Make Way for Advanced Financial Analytics

Advanced financial analytics are a top investment priority, but most finance organizations don’t yet have the capabilities in place to reap all of the rewards. Here's how to build a foundation.

“Our mission is to be an indispensable partner to business leaders,” says the CFO of one technology company. “Accordingly, we are investing in capabilities like data science as well as business analytics platforms that will help us deliver better information and insights that guide business decisions.”

Many finance leaders are doing the same, but they also need to take deliberate steps to mature their financial analytics to fully capture the value of these investments.

Quantify the potential for increased ROI and understand how analytics will improve current analysis

Analytics spending has increased 50% from 2015 to 2017, and now makes up more than 7% of corporate finance team budgets, according to a 2018 Gartner Finance Leader Analytics poll. Gartner research also shows that the number of finance departments deploying advanced analytics will double within the next three years.

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“Few finance organizations are even half-way on the scale of analytical maturity, meaning they aren’t beyond the basics of supporting business partner requests and have yet to test higher-level hypotheses or provide support in a centralized manner,” says Randeep Rathindran, Vice President at Gartner. “To achieve this maturity and capture the associated return on investment, most finance departments need to establish new strategies, capabilities and delivery methods for their analytics programs.”

Gartner has identified three actions to take to achieve higher levels of analytics maturity in finance organizations and strategies to clear the way to financial analytics maturity.

Set out an analytics strategy

Few finance departments have clearly defined the opportunities, so they need to quantify the potential for increased ROI and understand how analytics will improve current analysis.

Companies that have successfully deployed financial analytics have used them in a variety of use cases and seen meaningful results, from drastically reducing customer churn rate through predictive analytics on client preferences to optimizing supply chain data to reduce inventory costs from weather-related spoilage.

Once the target benefits are understood, it’s time to pilot business test cases — tying data to concrete business problems. Begin with finance-owned challenges to limit organizational resistance. Once the finance team can demonstrate the benefits within its own projects, rolling out analytics across the enterprise becomes easier to sell to business partners.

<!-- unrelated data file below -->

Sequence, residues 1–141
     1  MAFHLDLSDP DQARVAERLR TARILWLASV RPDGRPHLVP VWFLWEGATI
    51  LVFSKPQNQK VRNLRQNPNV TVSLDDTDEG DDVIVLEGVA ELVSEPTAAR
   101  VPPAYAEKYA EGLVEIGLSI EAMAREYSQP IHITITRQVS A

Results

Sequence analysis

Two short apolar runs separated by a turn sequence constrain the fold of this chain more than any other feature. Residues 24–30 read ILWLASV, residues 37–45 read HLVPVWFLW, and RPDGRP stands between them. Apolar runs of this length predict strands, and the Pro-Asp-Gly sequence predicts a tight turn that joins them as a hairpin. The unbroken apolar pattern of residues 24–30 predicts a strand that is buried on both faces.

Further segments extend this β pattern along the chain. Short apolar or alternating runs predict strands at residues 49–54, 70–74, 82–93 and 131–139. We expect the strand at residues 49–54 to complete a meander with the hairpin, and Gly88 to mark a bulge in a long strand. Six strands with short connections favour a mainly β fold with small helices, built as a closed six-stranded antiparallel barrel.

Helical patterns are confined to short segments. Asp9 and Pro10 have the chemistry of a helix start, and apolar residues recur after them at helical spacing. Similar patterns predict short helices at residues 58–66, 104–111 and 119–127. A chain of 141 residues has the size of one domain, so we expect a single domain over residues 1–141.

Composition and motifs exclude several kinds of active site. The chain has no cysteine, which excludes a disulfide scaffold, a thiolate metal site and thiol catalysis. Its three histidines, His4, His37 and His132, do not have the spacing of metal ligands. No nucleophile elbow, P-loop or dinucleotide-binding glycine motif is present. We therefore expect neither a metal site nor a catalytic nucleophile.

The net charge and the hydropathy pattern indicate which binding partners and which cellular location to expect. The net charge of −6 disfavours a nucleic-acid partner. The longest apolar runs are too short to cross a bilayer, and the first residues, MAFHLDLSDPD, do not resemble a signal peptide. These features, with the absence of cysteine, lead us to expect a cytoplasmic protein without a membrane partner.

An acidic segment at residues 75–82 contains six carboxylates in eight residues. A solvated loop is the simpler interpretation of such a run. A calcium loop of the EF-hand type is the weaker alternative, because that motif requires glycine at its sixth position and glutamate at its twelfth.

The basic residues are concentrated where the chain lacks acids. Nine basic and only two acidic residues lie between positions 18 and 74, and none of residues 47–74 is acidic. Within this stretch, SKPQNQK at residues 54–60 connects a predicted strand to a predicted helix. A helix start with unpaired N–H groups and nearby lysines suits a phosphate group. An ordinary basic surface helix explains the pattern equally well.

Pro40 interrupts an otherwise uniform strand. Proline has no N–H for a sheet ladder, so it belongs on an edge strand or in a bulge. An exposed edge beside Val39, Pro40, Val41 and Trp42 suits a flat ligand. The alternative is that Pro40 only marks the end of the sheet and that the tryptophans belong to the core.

Redefine financial analyst roles

First, redefine the role of the financial analyst from the typically overtaxed generalist to a more focused decision-support expert. Doing so ensures that analysts are more accountable for measurable operational decision outcomes in their area of focus, eventually leading to the types of anticipatory analysis that is the hallmark of more advanced analytical maturity.

Incentivizing scalable solutions within their area of decision support means that embedding analytical solutions to tools and reporting becomes more apparent than it otherwise would be to a generalist with many more responsibilities.

Define what it means to be a ‘finance data scientist’

Second, clearly define the essential role of “finance data scientist” and be precise about who to attract to the role.

“In a supply-constrained market for data scientists, finance departments have to work extra hard to differentiate the career track for this role and define what it means to be a ‘finance data scientist’ in an attractive manner,” says Rathindran. “Focus on the more unique applications of the role, such as using data to teach and persuade business partners and having direct input into uncovering future customer and product trends.”

Make analytics delivery seamless

Companies that already use analytics capabilities often find that the way in which analysis is delivered can undermine its overall usefulness. For example, a siloed approach leads to work duplication and politically driven competition and can also overwhelm business decision makers who are grappling with too many analyses from different functions.

For more seamless analytics delivery, use the decision-support model and take two more steps:

  1. Emphasize cross-functional collaboration. Formalizing enterprise-wide analytic domains enables each function of the business to provide analytical support where it is strongest. Creating the expectation of collaboration and unifying efforts around one final report to the business decision maker helps to ensure ongoing cross-functional communication while presenting all trade-offs related to a decision in a single place.
  2. Establish centers of excellence. Not all analytics support should be embedded within the business unit. Some analytic activities are inherently cross-functional and benefit from establishing a dedicated center of excellence (COE) model. Before setting up a COE, establish principled criteria for deciding which analytical activities would benefit from such an approach. Doing so will provide clear guidelines on when and how to involve the COE, while also preserving its focus on best-fit activities.

Gartner for Finance Leaders clients can read more in Laying the Foundation for Advanced Analytics by Randeep Rathindran.

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